The U.S. has gone through several economic crises that put a lot of Americans into the gutter. While it’s been more than eighty years, the memories of The Great Depression are still vivid today. Indeed, it has taught most of us a tremendous and painful lesson that will always linger.
But in the following decades, notable booms, bubbles, and crashes transpired. The dot-com bubble, The Real Estate Bubble, and The Great Recession are some examples. Now, the pandemic crisis and inflationary pressures are again testing policymakers.
Unfortunately, American retirees tend to be the most vulnerable to economic crises because most are on a fixed income. For instance, older Americans comprised 25% of bankruptcies in 2009. The same trend was visible in 2020, as shown by a survey of OECD member countries.
Studies have also shown that senior bankruptcies have increased five times in the last thirty years. This year, US retirees are again at risk as inflation reduces purchasing power and increases volatility in the stock market.
The financial literacy of Americans has not been great. Many near-retirement adults were confident about their financial literacy before the pandemic, but disillusionment followed.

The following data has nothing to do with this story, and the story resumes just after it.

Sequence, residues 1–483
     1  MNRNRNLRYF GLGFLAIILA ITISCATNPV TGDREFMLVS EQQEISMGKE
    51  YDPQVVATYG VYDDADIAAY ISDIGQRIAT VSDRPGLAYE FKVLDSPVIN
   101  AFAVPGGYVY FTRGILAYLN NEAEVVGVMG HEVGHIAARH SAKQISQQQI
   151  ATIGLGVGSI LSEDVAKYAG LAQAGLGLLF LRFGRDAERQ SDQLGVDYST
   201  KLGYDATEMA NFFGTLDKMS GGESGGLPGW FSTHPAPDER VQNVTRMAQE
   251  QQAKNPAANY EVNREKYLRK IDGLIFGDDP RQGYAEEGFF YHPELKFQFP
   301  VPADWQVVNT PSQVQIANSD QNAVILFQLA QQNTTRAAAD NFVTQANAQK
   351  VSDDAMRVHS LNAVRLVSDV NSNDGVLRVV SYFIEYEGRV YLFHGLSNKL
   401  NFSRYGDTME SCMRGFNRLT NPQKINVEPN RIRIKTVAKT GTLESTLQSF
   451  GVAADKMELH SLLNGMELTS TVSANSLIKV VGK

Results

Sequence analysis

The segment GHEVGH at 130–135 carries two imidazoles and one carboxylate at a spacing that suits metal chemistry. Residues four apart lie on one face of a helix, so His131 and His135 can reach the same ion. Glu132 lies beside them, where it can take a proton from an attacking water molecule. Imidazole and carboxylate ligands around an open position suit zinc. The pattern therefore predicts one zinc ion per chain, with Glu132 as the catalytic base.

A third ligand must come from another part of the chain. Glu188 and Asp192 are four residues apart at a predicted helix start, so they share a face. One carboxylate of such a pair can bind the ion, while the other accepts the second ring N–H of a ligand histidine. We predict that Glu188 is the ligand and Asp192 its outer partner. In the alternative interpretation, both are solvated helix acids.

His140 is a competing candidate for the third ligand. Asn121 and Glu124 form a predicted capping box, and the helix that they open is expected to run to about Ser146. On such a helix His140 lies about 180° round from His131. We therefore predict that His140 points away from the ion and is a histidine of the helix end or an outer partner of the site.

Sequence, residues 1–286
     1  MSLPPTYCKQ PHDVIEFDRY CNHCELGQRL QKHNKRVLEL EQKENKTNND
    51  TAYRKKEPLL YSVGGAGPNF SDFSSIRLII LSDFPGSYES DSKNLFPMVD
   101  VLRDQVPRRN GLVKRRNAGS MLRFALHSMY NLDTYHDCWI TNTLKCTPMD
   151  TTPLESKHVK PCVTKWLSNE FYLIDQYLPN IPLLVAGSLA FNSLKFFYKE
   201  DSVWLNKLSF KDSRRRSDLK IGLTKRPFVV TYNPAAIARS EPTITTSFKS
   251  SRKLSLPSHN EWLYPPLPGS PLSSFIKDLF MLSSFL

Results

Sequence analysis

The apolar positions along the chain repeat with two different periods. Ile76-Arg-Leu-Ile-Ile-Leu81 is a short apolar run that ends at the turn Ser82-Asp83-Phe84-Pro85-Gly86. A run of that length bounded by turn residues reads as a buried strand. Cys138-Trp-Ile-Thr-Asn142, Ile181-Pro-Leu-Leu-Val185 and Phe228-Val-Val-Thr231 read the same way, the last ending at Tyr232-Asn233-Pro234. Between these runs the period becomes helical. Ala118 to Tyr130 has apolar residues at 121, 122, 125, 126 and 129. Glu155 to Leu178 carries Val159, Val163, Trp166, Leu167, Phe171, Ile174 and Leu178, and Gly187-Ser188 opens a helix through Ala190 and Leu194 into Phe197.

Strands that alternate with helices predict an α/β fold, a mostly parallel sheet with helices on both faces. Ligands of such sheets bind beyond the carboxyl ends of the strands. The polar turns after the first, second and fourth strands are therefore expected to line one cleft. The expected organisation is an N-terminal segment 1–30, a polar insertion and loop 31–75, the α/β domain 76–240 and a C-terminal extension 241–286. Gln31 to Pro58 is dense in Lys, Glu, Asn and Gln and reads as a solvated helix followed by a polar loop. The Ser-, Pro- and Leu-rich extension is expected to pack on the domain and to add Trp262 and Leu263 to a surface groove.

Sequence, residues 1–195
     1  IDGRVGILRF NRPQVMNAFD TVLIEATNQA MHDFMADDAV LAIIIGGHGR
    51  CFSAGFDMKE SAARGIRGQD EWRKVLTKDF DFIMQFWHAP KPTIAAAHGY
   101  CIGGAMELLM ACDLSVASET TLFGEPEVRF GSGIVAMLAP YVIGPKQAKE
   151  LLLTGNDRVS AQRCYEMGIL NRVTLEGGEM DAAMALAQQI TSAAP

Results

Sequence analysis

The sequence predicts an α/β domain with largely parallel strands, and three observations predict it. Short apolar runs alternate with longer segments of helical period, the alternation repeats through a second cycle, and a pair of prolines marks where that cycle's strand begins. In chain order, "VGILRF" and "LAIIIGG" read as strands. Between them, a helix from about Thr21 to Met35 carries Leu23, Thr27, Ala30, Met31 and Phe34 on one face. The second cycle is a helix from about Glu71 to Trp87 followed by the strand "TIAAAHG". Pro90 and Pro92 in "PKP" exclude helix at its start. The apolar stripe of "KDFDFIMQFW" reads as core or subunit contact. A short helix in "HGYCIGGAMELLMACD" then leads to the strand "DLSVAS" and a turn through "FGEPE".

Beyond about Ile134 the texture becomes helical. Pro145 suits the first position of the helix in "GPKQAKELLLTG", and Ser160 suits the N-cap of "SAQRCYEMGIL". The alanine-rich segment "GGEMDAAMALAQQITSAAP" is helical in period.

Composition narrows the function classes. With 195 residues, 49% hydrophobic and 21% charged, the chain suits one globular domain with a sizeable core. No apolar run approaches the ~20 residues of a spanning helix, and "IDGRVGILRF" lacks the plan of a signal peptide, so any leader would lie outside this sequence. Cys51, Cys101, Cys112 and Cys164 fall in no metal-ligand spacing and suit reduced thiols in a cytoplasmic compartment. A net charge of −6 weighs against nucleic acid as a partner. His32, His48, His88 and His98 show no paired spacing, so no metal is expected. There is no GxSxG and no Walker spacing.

The good news is that youth and adults alike are becoming more interested in personal finance education. Some turn to financial advisors to understand the value of retirement planning, retirement accounts, stocks, and insurance. But, their savings are still lagging behind the standard of living.
The State of Retirement in America
Over the past decade, the percentage of American retirees has risen. It could be due to the full recovery from The Global Financial Crisis. The economy was in excellent shape, with stable inflation, interest, and unemployment rates.
However, the trend has become more parabolic in 2020. Many Americans stepped out of the labor force or were forced into retirement. Of the five-million labor force drop, 3.3 million were excess or early retirees, primarily due to business shutdowns.
The trend in 2022 is the exact opposite of the movement in the last two years. Small business openings, digital transformation, and the easing of pandemic-related restrictions likely contributed to that.
Earlier this year, the share of those retiring due to joblessness fell to 28.2%. For better or worse, the percentage of American retirees continues to decrease amidst inflationary pressures. Many Americans plan to delay or wait for the perfect time to retire.